The Ohio State Board of Trustees failed their university.
They failed their students, they failed their employees, but most importantly they failed Courtney Smith.
The university suspended its head football coach Urban Meyer Aug. 22 for three games after an investigation into his mishandling of domestic violence claims against his former assistant Zach Smith.
The trustees coalesced an independent investigation panel to head a two-week inquiry into what Meyer, who coached OSU to a national championship in 2014, knew about the allegations.
Meyer has amassed a 73-8 record since taking the job at Ohio State in 2012. He has been on paid leave since Aug. 1 and will be suspended for the first three games of the season against Oregon State, Rutgers and Texas Christian University (TCU).
This is not a steep enough penalty for Meyer’s actions.
No, what he did does not even come close to the heinous abuse Zach Smith potentially levied against his wife, but according to the panel’s report, Meyer possibly knew about the abuse and did nothing.
That would be concerning by itself, but the report also suggests that Meyer may have deleted all of his text messages that dated back more than a year ago.
Based on this evidence, he pretty much lied at the Big Ten media day when he said he knew nothing about the allegations.
All of this considered, when Meyer was asked at a press conference the day of his suspension what he had to say to Courtney Smith, the wife of Zach Smith, he said, “I have a message for everyone involved. I’m sorry we’re in this situation.”
You read that right. He didn’t even apologize directly to Courtney Smith.
Throughout the entirety of the press conference, especially that quote, Meyer acted as though he was the victim, as though he was the one who had suffered through immense pain.
Urban Meyer doesn’t care about Courtney Smith. He doesn’t care about Zach Smith or his players, or even Ohio State. All he cares about is himself and his reputation.
Meyer had several opportunities to address the situation and help put a stop to it based on the investigation and multiple media reports. He chose not to do so. He chose to ignore it because of the scrutiny his football program would have received if word got out.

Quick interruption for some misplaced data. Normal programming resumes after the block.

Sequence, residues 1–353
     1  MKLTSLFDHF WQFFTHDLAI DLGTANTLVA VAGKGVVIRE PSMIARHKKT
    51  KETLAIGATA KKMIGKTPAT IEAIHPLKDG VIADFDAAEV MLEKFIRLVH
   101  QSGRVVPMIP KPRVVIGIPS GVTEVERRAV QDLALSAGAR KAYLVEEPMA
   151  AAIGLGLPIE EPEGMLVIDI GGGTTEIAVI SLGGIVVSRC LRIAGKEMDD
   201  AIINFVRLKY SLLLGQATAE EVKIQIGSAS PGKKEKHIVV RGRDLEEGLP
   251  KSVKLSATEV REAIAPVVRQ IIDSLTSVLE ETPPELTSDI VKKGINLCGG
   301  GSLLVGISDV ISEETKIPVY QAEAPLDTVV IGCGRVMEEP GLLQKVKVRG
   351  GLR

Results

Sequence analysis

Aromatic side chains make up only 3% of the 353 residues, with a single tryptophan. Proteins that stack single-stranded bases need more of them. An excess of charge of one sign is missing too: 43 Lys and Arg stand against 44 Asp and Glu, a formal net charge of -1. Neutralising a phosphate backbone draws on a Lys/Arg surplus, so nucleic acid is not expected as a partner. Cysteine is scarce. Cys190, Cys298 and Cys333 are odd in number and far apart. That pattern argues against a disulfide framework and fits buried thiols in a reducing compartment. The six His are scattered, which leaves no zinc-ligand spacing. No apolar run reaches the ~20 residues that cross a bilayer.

To all the coaches, teachers and leaders out there, heed this statement: Your reputation is never more important than someone’s well-being.
Being suspended for three games that Ohio State will probably win anyway simply isn’t an adequate punishment.
As the head of a college football program and a leader of young men, Meyer has the responsibility of being a role model and combating injustice wherever it arises, especially inside his own program.
There is no way Meyer can micro-manage his way to three national championships and an 85.1 winning percentage, but can’t communicate with his wife, who received messages from Courtney Smith claiming she had been abused.
This isn’t just about Meyer either. This situation and resulting suspension have been mishandled by Ohio State and the NCAA.
Los Angeles Rams running back Todd Gurley was suspended by the NCAA in 2014 while at the University of Georgia for four games for selling autographs, yet Meyer was only suspended three games for mishandling domestic abuse.
Are we really at a point where 18-24 year-olds are held to a higher standard than grown adults? Where’s the accountability?
Meyer is making nearly $8 million a year. There is no excuse for not knowing about any potential trouble your subordinates are getting into, especially if they have a history of DUIs and inappropriate behavior.
They all could have done better. They all should have done better.